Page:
Equal Pay: Yep, We Still Don’t Earn a Man’s Dollar

5 ways to combat the gender pay gap for Equal Pay Day

Getting a new job offer is usually a good thing. It means you passed the interview, beat out other candidates, and have a new beginning to look forward to. But before you sign on the dotted line and get ready for your first day, there’s some things you should know about your compensation. The data is in, and ladies, there’s a serious gender pay gap: Women are paid, on average, 20% less than men (and it’s worse for women of color). That’s a big difference. Over a career, it amounts to over $500,000 for the average woman, and up to $1,000,000 for a Hispanic woman. Moreover, even with current progress, it’ll still take another 44 years before we close the pay gap in the United States (and until the 24th century for all women). Angry? We are too. That’s why we assembled a few things you can do about it.

1. Always negotiate

Women are far less likely to negotiate than men are. We get it – negotiating can be uncomfortable, and salary benchmarks can be hard to come by. But since your salary at your next job is often based on your salary at this job, negotiating 20% more now can add up over the course of your career. LeanIn.org assembled a great 4-part video series on how to negotiate your job offer, and it’s a must-watch.

2. Stretch yourself

One of the reasons for the gender pay gap is that women aren’t ascending to high-earning positions. They make up a two-thirds of low-wage jobs, and are underrepresented in leadership roles and higher-paid STEM fields. While there is a wide range of systemic reasons for these discrepancies, one thing women can do is stretch themselves – men apply for jobs that they are 60% qualified for, whereas women typically apply for jobs only when they meet 100% of the qualifications. So next time you’re looking at that job and thinking, “I’ve only done half of these things,” send in that resume and cover letter anyway. Because that’s about right.

3. Celebrate & encourage other women

No one wants to be called a bitch at work. Unfortunately, many of the things women need to do to advance in their careers come with a “likeability penalty.” Women who negotiate and promote themselves are seen as “bossy”, or “too aggressive”, but men who do these same things are viewed as confident and strong. The difference is subtle, and can be hard to identify when it’s happening around you. But there are a few things we can do to help:

  • Challenge “bossy”. If you hear a woman being called “bossy”, challenge it and ask for a specific example. Ask yourself and those around you if the reaction would be the same if it were a man.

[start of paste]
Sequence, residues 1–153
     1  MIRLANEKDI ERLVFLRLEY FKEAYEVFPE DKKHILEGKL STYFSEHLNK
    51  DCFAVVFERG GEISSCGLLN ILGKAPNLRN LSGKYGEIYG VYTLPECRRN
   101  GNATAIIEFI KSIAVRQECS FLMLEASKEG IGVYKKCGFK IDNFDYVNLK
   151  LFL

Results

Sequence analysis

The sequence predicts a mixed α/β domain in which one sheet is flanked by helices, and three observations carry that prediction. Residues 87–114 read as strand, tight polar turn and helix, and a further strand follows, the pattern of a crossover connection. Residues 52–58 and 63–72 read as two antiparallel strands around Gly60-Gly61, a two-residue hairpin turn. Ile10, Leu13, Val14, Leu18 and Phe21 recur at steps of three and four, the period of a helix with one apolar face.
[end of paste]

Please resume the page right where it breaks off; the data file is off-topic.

• Recognize women. Women are less likely to receive credit for their accomplishments when part of a team, and are less likely to call attention to their roles in projects. Make it a habit to call out the accomplishments of the women around you.
  • Mentor and sponsor others. Get to know and support your peers – sharing experiences with those at your level can help everyone learn from each other. For those of us in more senior positions, our support, feedback, and influence can help our junior colleagues grow.

4. Challenge employers

Employees are often at a disadvantage when it comes to talking about compensation with their employers. However, several companies are setting powerful examples when it comes to equal pay. Here’s what top companies are doing, and what to be on the lookout for:

  • Conduct regular pay audits. Data shows that women are paid less than men for the same work, even when controlling for education, experience, and performance. Companies committed to equal pay will regularly analyze employee compensation to find and correct discrepancies early.
  • Encourage transparency about compensation. Leading organizations make available compensation ranges for different roles, as well as the criteria used to establish an employee’s compensation level. Buffer, a social media company, went one step further and publicly released the salary formula for every one of its employees.
  • Ensure standard criteria for hiring and promotions. Too often, unconscious gender bias affects hiring and promotion decisions. Companies committed to equality will ensure these decisions are tied to objective criteria, which is also openly discussed with employees and managers.

5. Support legislation on equal pay

The Paycheck Fairness Act is expected to be reintroduced to Congress this week. It’s a follow-up to the Equal Pay Act passed by President Kennedy in 1963, and helps close loopholes that have allowed employers to continue (and defend) unequal compensation practices. Think that’s not enough? Iceland recently introduced legislation that requires employers to prove they are paying men and women equally.

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